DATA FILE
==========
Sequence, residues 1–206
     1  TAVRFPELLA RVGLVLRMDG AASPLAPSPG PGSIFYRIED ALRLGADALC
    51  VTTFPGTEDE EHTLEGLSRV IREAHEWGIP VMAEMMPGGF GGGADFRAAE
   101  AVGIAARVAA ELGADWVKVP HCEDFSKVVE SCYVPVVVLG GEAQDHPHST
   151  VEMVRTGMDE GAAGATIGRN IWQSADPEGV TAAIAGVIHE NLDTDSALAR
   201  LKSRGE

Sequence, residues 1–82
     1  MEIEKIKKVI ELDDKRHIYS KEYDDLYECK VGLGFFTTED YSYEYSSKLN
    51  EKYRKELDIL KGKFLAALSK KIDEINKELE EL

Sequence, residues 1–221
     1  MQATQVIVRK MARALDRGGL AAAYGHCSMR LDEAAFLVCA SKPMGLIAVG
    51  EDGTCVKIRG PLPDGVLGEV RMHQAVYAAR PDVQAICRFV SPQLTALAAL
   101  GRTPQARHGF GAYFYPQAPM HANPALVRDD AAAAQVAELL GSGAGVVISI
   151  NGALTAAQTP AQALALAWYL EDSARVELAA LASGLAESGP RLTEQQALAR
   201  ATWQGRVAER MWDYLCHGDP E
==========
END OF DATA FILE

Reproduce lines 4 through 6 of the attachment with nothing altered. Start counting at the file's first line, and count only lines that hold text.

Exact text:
   101  AVGIAARVAA ELGADWVKVP HCEDFSKVVE SCYVPVVVLG GEAQDHPHST
   151  VEMVRTGMDE GAAGATIGRN IWQSADPEGV TAAIAGVIHE NLDTDSALAR
   201  LKSRGE